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The probable role and therapeutic potential of the PI3K/AKT signaling pathway in SARS-CoV-2 induced coagulopathy

Abstract

Coronavirus disease 2019 (COVID-19), which is caused by severe acute respiratory syndrome coronavirus-2 (SARS-CoV-2), is associated with a high mortality rate. The majority of deaths in this disease are caused by ARDS (acute respiratory distress syndrome) followed by cytokine storm and coagulation complications. Although alterations in the level of the number of coagulation factors have been detected in samples from COVID-19 patients, the direct molecular mechanism which has been involved in this pathologic process has not been explored yet. The PI3K/AKT signaling pathway is an intracellular pathway which plays a central role in cell survival. Also, in recent years the association between this pathway and coagulopathies has been well clarified. Therefore, based on the evidence on over-activity of the PI3K/AKT signaling pathway in SARS-CoV-2 infection, in the current review, the probable role of this cellular pathway as a therapeutic target for the prevention of coagulation complications in patients with COVID-19 is discussed.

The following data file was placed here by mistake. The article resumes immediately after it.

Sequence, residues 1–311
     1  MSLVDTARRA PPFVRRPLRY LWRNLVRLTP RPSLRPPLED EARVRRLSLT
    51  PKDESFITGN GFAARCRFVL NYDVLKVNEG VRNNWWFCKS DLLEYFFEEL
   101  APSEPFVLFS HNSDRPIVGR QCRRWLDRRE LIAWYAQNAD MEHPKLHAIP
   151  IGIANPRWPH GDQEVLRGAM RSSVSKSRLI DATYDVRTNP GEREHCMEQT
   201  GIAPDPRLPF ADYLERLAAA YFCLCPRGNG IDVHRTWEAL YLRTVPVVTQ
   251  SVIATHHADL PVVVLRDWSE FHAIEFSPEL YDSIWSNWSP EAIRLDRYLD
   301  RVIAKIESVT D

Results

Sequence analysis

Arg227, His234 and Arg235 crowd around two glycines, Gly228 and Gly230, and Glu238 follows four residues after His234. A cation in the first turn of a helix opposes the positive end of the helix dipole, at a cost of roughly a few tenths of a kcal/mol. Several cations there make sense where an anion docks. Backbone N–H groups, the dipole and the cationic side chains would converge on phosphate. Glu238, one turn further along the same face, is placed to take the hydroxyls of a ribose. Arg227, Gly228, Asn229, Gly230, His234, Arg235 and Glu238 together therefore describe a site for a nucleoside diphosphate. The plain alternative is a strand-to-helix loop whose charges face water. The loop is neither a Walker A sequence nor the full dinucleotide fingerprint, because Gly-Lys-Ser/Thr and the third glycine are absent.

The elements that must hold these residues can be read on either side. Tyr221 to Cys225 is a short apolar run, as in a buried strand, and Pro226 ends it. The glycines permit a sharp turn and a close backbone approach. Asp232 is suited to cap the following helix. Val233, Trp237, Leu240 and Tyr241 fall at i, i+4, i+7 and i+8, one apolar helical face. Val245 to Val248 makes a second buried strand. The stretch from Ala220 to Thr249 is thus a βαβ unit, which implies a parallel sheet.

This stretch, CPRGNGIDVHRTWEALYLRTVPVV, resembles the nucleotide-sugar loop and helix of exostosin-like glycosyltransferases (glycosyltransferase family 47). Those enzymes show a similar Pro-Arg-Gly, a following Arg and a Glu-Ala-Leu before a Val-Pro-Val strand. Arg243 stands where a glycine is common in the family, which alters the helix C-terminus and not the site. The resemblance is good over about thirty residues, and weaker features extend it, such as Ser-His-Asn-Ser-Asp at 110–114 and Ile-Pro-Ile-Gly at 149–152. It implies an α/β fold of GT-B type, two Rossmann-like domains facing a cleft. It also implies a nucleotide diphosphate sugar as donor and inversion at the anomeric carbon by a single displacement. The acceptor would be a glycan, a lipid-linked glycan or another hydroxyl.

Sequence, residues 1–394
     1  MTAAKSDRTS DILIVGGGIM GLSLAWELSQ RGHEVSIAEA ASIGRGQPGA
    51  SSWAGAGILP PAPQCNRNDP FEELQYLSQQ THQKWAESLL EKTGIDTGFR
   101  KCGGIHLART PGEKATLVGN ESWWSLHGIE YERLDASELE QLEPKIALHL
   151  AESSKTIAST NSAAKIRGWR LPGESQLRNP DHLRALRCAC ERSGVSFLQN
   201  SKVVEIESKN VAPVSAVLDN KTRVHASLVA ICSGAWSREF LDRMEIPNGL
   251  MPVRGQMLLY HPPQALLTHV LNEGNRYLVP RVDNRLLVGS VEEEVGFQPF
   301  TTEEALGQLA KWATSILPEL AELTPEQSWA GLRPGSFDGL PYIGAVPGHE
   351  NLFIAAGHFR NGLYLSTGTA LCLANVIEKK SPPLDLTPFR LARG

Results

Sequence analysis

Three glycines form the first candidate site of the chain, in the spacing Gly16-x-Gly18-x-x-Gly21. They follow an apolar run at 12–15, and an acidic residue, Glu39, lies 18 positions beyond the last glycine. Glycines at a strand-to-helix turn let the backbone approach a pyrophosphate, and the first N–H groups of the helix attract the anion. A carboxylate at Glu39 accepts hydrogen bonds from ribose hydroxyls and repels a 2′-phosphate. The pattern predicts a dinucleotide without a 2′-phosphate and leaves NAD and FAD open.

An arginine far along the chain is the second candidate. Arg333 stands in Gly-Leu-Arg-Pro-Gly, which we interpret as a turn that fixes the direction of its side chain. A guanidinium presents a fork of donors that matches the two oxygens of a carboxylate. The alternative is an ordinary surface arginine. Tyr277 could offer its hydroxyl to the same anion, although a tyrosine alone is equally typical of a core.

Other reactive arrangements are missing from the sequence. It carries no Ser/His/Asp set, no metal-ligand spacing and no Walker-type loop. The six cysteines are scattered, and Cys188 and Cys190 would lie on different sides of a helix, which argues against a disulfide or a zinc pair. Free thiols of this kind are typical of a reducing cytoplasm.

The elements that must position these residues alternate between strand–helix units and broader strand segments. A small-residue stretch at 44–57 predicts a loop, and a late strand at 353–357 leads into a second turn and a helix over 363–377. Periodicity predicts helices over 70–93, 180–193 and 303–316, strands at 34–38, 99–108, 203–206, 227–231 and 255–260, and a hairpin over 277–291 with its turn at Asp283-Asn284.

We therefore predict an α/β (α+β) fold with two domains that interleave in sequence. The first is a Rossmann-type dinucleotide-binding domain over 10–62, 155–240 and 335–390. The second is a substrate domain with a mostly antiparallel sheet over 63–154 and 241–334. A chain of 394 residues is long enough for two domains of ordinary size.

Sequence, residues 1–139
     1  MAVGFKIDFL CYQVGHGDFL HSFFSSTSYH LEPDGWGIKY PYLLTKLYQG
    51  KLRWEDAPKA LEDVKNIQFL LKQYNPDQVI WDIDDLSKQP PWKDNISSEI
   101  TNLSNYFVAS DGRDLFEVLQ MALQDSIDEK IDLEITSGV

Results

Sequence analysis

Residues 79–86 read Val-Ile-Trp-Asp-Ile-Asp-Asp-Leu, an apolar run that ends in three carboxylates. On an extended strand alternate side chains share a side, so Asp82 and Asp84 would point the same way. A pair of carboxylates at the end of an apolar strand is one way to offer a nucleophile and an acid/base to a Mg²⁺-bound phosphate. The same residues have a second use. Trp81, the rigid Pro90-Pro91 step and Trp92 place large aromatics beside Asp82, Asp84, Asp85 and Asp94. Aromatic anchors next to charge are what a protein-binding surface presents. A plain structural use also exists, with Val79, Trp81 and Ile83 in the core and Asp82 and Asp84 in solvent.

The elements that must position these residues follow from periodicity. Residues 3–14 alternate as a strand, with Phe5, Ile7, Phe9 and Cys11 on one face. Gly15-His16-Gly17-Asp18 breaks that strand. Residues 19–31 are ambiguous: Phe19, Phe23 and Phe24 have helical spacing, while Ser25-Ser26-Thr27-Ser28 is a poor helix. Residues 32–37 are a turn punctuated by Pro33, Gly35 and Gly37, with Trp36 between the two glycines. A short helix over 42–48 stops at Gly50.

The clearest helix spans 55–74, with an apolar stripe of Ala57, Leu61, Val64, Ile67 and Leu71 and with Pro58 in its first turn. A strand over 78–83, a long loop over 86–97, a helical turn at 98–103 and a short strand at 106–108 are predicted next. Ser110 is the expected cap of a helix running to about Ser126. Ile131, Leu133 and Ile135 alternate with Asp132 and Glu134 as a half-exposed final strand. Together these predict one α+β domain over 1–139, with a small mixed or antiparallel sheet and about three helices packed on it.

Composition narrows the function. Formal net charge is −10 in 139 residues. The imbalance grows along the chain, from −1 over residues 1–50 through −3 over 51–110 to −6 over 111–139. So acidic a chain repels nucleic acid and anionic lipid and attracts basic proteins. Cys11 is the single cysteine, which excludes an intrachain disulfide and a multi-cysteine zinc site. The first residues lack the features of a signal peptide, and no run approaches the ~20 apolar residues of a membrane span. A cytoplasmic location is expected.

Background

Coronavirus disease 2019 (COVID-19) is characterized by acute respiratory distress syndrome due to hyperactivity of the immune system [1]. In addition, there are several other complications induced by severe acute respiratory syndrome coronavirus-2 (SARS-CoV-2), such as neurological symptoms [2] and coagulopathies, which have received a lot of attention [3, 4]. Regarding the association between SARS-CoV-2 infection and coagulopathies, different studies have examined the level of factors involved in coagulopathy in COVID-19 patients. In this case, elevated levels of tissue factor (TF), thrombin [5], increased platelet activation [6], and decreased fibrinogen levels [7] have been detected in patients with COVID-19. In addition to the mentioned factors, the association between other elevated factors in COVID-19 patients, such as inflammatory cytokines, angiotensin II (Ang II), and blood clotting, has been considered (reviewed in [8]).